Cabinet decision to secure future funding of Tamar Bridge and Torpoint Ferry

Future funding of the Tamar Bridge and the Torpoint Ferry was discussed at today’s Cabinet meeting.

Toll prices on the bridge and the ferry, which are jointly owned by Cornwall Council and Plymouth City Council, have not risen since 2010.  Under the terms of the Tamar Bridge Act, any changes must be approved by the Secretary of State for Transport before they can be implemented.

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Members heard how the money generated by tolls is used to operate, maintain and improve the two crossings and subsidise the cost of the Torpoint Ferry service, which is vital to the economy of south east Cornwall.

Cabinet agreed unanimously to apply with joint owners Plymouth City Council to the Department for Transport to:

  • increase the current tolls by 33% to ensure the sustainability of the crossings
  • review toll charges annually in line with inflation, to assure the future finances; and 
  • seek funding from the Department for Transport towards future maintenance and upkeep of the bridge, in recognition of its strategic importance to the UK economy,  and to reduce the burden on users.

Geoff Brown, Cornwall Council’s Cabinet portfolio holder for transport, explained that the bridge and ferry are currently running at a loss.  He explained that  increased tolls were needed to keep maintenance and running costs covered as ongoing regular maintenance of the crossings is essential to keep users safe.

The proposals include retaining the 50% discount for those who use the electronic pre-paid TamarTag.  Those users will see the car toll rise from 75p to £1.00 for a crossing – 60% of crossings are pre-paid. The toll will rise from £1.50 to £2 for a cash crossing.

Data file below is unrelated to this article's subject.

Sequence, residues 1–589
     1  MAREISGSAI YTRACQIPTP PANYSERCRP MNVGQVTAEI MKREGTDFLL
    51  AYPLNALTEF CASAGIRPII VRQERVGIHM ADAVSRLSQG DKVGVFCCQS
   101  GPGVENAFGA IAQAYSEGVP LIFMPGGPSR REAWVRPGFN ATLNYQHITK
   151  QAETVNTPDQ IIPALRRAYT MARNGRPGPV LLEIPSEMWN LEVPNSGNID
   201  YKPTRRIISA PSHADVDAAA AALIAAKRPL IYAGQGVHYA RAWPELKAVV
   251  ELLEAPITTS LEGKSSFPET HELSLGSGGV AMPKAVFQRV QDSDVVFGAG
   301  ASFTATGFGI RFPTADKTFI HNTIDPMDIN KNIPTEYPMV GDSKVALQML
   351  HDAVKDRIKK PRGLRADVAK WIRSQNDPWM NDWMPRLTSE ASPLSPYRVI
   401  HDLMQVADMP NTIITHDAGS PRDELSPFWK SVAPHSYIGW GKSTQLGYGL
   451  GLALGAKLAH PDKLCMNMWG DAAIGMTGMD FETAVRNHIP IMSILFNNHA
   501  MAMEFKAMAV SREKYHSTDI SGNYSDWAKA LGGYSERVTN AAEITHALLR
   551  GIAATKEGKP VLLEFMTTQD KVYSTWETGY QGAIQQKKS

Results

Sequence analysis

Councillor Brown told the meeting that this is the first price rise since 2010, and takes into account inflation since then, and forecast costs for the next few years.

He also reassured members that the Council is working with Plymouth City Council to ask for changes to legislation to allow smaller, inflation-linked price rises in the future.

He said:  "The bridge and ferry are currently running in deficit with expenditure exceeding income and that position is forecast to continue into the future.

"So, following public consultation, the Joint Committee has proposed that tolls be increased by 33% from July 2019 to ensure that we can continue to deliver safe, reliable and efficient crossings of the Tamar and still remain self-funding."

Several councillors raised concerns over the plans, including fears of the effect the increase will have on those who travel from Cornwall into Plymouth each day for work.

Councillor Brown responded that the Torpoint Ferry remains one of the cheapest ferry crossings in the UK.  He said that without the increase, the council and its partner, Plymouth City Council, would be unable to keep maintaining the bridge and ferries, which must be the main priority.

The plans were supported unanimously by Cabinet and will now go to full Council.

 

Story posted 18 December 2018